Take Five

By George Rose

April 21, 2009

Our money is on Frankenstein.

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Death Becomes Her (1992)

It's not quite as ancient or lighthearted, but Death Becomes Her is another historic favorite of mine. Like Abbott and Costello, it was among the many movies my older brother would watch with his friends that I would later watch in private to see what all the fuss was about. Death Becomes Her soon became a film the whole family would watch again and again, as it mixed dark humor and special effects together to make one of the most exciting films of my childhood.

The cast was incredible, with Meryl Streep and Goldie Hawn starring as lifelong enemies who pass around Bruce Willis as their third wheel in a twisted love-triangle tale. The competition escalates and becomes deadly, but not until after the two women discover a potion for immortality. The two women kill each other, or at least attempt to, allowing for plenty of creative and gruesome special effects that would later land the film its Best Special Effect Oscar. There's nothing quite like watching Streep's head twist around like Regan in The Exorcist or Hawn stumble around with a gaping hole in her stomach. These are Academy Award winning actresses, people, and it's great to see them let loose and take a break from all the seriousness.

It's a good thing Bruce Willis' character fixes up dead bodies for a living or else these two cat-fighting starlets would have nobody to make them look, or feel, alive. There is no surprise in learning he has become a raging alcoholic, but who could blame him? When his own mortal life becomes threatened at an event held at the headquarters for this elixir of life, he soon learns that loving either of these women is a death wish and he is better off without them. Unfortunately, we are better off with them, and this movie, so the risk of death is certainly worth the reward of watching Death Becomes Her.


The Fifth Element (1997)

Bruce Willis is wrongly best known for his Die Hard series. They are great films but because of the star power they have afforded Willis, movies like Death Becomes Her and The Fifth Element fall by the wayside. It's a massive injustice, since The Fifth Element is an amazing action movie. Think Die Hard with alien battles, exploding spaceships and the fight to build a love that can bind with the elements to stop the impeding Armageddon (nope, not the one you're thinking of). The reason it stands above so many of the other versions of this plotline is because of the futuristic setting the film takes place in. The environment is energetic, full of clever technology and perfect for an intergalactic brawl.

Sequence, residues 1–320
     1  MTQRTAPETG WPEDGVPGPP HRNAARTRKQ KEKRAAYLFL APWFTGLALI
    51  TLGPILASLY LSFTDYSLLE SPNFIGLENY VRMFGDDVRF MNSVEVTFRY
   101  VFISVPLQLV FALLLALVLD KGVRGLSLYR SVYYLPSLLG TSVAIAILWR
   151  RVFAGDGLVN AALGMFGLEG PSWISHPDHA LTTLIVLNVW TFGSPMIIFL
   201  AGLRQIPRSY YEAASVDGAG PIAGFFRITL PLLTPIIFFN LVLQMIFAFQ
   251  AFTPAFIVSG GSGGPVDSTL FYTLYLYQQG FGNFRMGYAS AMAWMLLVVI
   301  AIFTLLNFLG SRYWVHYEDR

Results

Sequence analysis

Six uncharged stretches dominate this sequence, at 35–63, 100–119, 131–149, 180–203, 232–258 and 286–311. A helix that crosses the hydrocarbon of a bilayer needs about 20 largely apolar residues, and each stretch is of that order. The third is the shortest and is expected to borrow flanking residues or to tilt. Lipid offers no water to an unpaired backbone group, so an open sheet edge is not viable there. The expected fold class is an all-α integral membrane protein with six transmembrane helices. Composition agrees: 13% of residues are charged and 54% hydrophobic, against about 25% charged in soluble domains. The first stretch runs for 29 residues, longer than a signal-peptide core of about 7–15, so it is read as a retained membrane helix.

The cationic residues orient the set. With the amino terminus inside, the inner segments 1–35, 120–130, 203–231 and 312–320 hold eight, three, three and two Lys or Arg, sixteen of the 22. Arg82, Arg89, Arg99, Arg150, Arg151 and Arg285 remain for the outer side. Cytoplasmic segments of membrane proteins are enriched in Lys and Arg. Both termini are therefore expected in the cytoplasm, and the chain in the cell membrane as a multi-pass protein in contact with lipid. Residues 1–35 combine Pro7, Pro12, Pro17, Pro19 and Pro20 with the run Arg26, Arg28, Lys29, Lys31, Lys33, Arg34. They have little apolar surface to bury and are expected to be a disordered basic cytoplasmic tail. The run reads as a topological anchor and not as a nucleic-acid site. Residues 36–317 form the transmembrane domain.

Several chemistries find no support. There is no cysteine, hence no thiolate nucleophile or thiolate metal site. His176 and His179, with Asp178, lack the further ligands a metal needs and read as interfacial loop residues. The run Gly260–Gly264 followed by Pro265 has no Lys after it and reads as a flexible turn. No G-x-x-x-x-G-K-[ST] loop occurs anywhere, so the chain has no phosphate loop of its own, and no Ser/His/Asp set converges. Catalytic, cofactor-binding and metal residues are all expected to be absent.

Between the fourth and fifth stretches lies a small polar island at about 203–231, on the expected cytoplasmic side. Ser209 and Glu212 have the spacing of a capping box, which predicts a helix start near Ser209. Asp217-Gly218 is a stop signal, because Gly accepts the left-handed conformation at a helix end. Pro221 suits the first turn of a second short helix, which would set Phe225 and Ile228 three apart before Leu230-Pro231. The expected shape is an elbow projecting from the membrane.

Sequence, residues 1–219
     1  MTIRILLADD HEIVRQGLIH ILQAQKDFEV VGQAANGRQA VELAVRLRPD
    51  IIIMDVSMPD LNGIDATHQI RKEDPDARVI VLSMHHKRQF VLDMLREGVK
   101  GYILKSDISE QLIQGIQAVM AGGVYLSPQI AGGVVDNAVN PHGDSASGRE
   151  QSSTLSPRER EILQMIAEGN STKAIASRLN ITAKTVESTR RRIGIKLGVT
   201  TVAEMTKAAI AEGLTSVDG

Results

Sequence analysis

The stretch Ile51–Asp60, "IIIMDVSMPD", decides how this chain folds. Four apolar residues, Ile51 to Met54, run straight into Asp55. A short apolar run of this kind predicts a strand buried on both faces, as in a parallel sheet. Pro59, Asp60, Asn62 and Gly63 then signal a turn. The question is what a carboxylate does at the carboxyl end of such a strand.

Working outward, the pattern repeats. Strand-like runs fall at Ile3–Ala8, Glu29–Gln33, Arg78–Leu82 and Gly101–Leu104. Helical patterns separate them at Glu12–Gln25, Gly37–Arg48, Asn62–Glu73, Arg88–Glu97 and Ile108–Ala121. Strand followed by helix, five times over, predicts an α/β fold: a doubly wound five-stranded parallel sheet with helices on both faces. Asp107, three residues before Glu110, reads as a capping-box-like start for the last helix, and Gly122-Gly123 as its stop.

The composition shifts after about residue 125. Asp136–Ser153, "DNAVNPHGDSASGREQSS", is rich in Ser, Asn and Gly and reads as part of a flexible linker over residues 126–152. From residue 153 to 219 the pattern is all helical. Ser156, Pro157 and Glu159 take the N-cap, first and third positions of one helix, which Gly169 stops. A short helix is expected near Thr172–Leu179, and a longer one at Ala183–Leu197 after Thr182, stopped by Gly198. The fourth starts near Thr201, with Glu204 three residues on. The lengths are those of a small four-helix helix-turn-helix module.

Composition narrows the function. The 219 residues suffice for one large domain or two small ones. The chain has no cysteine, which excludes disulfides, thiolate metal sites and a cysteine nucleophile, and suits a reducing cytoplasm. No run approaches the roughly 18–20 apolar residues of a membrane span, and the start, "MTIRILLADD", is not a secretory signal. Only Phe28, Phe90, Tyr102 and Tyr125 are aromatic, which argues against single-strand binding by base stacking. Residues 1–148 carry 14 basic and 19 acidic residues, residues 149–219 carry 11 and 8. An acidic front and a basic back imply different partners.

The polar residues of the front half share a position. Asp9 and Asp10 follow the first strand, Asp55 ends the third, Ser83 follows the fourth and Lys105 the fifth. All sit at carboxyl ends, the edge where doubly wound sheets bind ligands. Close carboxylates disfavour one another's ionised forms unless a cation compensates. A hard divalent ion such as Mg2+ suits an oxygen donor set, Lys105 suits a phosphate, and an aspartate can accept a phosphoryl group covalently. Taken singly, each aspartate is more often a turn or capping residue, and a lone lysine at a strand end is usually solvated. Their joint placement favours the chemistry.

Despite the lackluster benefits Willis' career saw from making The Fifth Element, it was actually a launching pad for Milla Jovovich. Before she was kicking butt in the Resident Evil movies, she crash landed in Willis' taxi cab and dragged him into saving the world yet again. This time, he faces Gary Oldman, who never fails in completely immersing himself into any character. Oldman's Jean-Baptiste Emanuel Zorg is a weapons dealer and corporate mogul, which fits well into the government controlled world the movie created. Though these three actors set the stage for the well developed and executed plot, the movie should belong to Chris Tucker.

Though I'm not a fan of Tucker's incessant screeching and complaining in the Rush Hour films, he plays the obnoxiously flamboyant Ruby Rhod with such intensity and genuine humor that he carries the film beyond the blandness so many action films fall into. I wish it had been a bigger hit for no other reason than a much deserved sequel. The ending doesn't really set the film up as a franchise and any additional entries would probably be terrible, but the movie is so good (even on many multiple repeat viewings) that I'd rather see the story continue poorly than have their world end where it does. Though I loved Live Free or Die Hard, I can't help but hope Willis passes on Die Hard 5 to go on another voyage through space with Ruby Rhod.

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